“We have to show them we’re not going to retreat, we’re not going to concede”: Southern California warehouse worker speaks out against UPS contract

Attend the online public meeting “The way forward against the sellout Teamsters contract at UPS,” hosted by the UPS Workers Rank-and-File Committee, this Saturday, July 29, at 7:00 p.m. Eastern Time. Register for the event here.

Then, tell us what you think about the tentative agreement at UPS by filling out the form below. All submissions will be kept anonymous.

The UPS Olympic hub in downtown Los Angeles. [Photo: WSWS]

Workers are outraged over the sellout tentative agreement announced this week at UPS. The Teamsters union reached the deal, which falls far short of workers’ demands, to head off a national strike by 340,000 workers, which would have started next Tuesday.

The WSWS recently spoke about the contract with a worker from Southern California with nearly 20 years seniority. His name has been changed to protect his identity.

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WSWS: What are your thoughts about the tentative agreement?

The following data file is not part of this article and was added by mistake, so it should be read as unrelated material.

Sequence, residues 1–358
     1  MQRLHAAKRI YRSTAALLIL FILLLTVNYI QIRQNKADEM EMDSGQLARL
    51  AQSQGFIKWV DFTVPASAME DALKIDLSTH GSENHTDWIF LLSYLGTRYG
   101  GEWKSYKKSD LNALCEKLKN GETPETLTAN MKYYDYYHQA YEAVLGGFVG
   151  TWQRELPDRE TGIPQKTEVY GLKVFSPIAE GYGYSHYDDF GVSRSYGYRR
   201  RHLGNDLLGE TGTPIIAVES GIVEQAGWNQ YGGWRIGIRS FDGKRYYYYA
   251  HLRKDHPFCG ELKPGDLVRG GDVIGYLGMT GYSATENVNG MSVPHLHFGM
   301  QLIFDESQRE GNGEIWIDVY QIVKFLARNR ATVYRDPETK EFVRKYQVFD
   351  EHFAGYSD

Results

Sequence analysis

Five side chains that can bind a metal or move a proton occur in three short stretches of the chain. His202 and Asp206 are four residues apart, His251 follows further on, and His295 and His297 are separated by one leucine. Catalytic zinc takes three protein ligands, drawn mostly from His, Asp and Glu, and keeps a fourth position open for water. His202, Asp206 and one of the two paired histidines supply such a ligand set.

Frank: I haven’t gone over the whole proposal yet, but just from the face of it, it doesn’t look like it’s a very good contract. I don’t think anyone is too satisfied. It’s middle of the road and more of the same as usual. People who are full-timers are still stuck in the four-year progression. If you’re part-time, you’re still going to be living on poverty wages. It’s sad to see. If you’ve been there a long time, the “longevity” raise or whatever is up to $1.50 for like 20 years. So if you’ve been there eight years, you’re getting 75 cents probably.

We had thought we’d be getting some kind of retroactive paycheck for COVID pay. But from the looks of it, it doesn’t seem like it’s in the contract. The union was talking that they wanted to get people who worked through the pandemic $1.50 per hour more. So, I guess that went out the window. It’s a sorry contract.

I’m in California, so maybe for me it seems a little bit skewed. Maybe if you’re somewhere in the Midwest where cost of living is a lot cheaper, maybe it feels better. But in my hub starting pay was already like $20.50 [due to Market Rate Adjustments]. So I’m thinking, the union is allowing the company to set the wage so low at $21, which in five years with inflation is going to be a joke. The company wants to keep the starting wage low, and then whenever they need to, they can just bring in an MRA for new hires, and screw over the workers who are already in that building because they won’t get the MRA.